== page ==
U.S. flag

An official website of the United States government, Department of Justice.

National Profile of Children Exposed to Family Violence: Police Response, Family Response, and Individual Impact

NCJ Number
248577
Author(s)
David Finkelhor; Heather Turner
Date Published
December 2014
Length
172 pages
Annotation
The National Profile of Children Exposed to Family Violence: Police Response, Family Response and Individual Impact study provides the first nationally representative data on youth contact with law enforcement and victim services for cases of family violence involving exposure to children.
Abstract
The National Profile of Children Exposed to Family Violence: Police Response, Family Response and Individual Impact study provides the first nationally representative data on youth contact with law enforcement and victim services - including best practices and help-seeking obstacles - for cases of family violence involving exposure to children. These data come from a nationally representative sample of 517 family violence incidents drawn from the 4,503 respondents to the Second National Survey of Children's Exposure to Violence (NatSCEV II). The NatSCEV study, conducted in 2011, involved telephone interviews with parents of children age 0-9 and with youths age 10-17. Between 13%-58% of law enforcement contacts, and between 34%-97% of advocate contacts, following domestic violence incidents involving a child witness included actions from one or more of 10 best practices. Most law enforcement best practices were associated with increased likelihood of arrest. Almost half of children witnessed an arrest when one occurred, though only 1 in 4 youth were spoken to by police responding to the scene. Youth exposed to domestic violence, as a group, have higher rates of other victimizations and adversities. Although this group reports elevated trauma symptoms, the characteristics of a specific domestic violence incident and the response to that incident by police were generally unrelated to youth's current trauma symptoms after controlling for history of victimization and other adversities. However, child current trauma symptoms were lowest when perpetrators left the house after the incident, followed by when no one moved out, and were highest when the victim moved out. Child witnesses to family violence are a highly victimized group, and it is recommended that they systematically receive assessment and services when any member of their family enters the system due to family violence.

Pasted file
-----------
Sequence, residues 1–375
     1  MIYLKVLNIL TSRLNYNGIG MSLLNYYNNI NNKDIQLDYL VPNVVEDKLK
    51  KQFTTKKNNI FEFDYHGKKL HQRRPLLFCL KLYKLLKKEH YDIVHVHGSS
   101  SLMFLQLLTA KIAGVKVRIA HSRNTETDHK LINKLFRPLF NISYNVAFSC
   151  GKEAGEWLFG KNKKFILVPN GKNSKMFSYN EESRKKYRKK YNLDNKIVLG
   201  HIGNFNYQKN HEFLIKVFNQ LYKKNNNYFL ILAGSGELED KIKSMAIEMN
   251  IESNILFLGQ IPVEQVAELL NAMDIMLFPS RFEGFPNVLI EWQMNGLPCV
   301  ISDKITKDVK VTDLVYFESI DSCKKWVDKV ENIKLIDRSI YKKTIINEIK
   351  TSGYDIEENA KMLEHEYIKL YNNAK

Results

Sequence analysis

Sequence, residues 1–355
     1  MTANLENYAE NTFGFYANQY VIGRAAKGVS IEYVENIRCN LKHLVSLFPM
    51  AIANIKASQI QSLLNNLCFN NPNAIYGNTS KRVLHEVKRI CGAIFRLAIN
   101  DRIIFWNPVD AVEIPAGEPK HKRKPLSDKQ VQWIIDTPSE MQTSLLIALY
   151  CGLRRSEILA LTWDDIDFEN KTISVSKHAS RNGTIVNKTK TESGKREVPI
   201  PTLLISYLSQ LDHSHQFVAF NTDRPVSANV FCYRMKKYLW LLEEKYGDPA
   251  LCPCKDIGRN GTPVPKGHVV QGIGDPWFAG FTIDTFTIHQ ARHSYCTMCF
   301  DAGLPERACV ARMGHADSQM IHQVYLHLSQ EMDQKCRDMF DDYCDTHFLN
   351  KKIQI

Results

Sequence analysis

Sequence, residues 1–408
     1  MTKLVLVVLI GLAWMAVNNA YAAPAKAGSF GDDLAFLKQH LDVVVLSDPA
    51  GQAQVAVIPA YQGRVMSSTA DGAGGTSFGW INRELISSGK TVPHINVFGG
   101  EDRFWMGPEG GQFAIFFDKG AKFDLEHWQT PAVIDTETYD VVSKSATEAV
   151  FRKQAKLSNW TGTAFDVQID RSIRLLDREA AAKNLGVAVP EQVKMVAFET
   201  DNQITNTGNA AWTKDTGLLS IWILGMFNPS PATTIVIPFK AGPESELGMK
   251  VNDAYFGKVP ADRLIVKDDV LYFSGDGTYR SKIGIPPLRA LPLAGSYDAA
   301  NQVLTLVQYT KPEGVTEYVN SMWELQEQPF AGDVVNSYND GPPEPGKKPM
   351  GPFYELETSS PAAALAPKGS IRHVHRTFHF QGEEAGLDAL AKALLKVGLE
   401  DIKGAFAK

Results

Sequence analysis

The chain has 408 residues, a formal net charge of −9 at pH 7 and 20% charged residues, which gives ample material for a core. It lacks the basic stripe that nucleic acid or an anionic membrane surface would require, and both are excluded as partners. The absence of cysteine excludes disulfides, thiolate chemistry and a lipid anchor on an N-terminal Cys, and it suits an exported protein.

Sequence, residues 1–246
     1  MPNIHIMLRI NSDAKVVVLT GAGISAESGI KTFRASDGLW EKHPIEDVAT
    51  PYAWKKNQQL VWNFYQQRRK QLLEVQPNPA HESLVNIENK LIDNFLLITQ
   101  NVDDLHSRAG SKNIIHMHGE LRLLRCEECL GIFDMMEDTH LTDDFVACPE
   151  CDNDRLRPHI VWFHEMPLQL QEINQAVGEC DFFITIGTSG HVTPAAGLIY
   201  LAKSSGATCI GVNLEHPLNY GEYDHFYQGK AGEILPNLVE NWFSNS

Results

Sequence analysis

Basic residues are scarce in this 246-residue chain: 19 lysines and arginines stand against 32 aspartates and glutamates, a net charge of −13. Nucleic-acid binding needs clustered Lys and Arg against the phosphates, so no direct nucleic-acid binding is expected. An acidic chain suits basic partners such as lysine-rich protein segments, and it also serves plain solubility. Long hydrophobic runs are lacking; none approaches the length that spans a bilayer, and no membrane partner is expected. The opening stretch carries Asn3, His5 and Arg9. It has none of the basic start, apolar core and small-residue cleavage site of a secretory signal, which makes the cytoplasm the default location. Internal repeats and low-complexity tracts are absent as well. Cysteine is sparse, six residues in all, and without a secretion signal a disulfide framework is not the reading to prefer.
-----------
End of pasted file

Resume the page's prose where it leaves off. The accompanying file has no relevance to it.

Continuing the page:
Date Published: December 1, 2014